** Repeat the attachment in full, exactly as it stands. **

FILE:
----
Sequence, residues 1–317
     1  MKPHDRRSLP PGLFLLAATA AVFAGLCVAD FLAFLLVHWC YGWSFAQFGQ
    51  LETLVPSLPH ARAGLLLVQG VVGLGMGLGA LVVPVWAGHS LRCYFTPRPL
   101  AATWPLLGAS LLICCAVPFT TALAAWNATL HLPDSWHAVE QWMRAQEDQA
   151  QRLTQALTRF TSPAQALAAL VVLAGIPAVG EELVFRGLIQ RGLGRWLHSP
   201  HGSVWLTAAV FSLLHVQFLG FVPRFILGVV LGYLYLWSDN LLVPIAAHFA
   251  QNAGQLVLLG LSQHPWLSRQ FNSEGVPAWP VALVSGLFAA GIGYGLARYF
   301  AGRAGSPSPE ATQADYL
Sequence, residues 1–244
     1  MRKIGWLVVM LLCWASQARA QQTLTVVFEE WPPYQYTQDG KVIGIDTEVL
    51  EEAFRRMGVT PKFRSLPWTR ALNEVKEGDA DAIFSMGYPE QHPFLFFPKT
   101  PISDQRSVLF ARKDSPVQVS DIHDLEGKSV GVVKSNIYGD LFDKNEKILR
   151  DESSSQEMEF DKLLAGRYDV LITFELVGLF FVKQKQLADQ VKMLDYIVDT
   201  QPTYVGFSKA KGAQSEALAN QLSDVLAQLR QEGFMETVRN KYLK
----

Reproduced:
Sequence, residues 1–317
     1  MKPHDRRSLP PGLFLLAATA AVFAGLCVAD FLAFLLVHWC YGWSFAQFGQ
    51  LETLVPSLPH ARAGLLLVQG VVGLGMGLGA LVVPVWAGHS LRCYFTPRPL
   101  AATWPLLGAS LLICCAVPFT TALAAWNATL HLPDSWHAVE QWMRAQEDQA
   151  QRLTQALTRF TSPAQALAAL VVLAGIPAVG EELVFRGLIQ RGLGRWLHSP
   201  HGSVWLTAAV FSLLHVQFLG FVPRFILGVV LGYLYLWSDN LLVPIAAHFA
   251  QNAGQLVLLG LSQHPWLSRQ FNSEGVPAWP VALVSGLFAA GIGYGLARYF
   301  AGRAGSPSPE ATQADYL
Sequence, residues 1–244
     1  MRKIGWLVVM LLCWASQARA QQTLTVVFEE WPPYQYTQDG KVIGIDTEVL
    51  EEAFRRMGVT PKFRSLPWTR ALNEVKEGDA DAIFSMGYPE QHPFLFFPKT
   101  PISDQRSVLF ARKDSPVQVS DIHDLEGKSV GVVKSNIYGD LFDKNEKILR
   151  DESSSQEMEF DKLLAGRYDV LITFELVGLF FVKQKQLADQ VKMLDYIVDT
   201  QPTYVGFSKA KGAQSEALAN QLSDVLAQLR QEGFMETVRN KYLK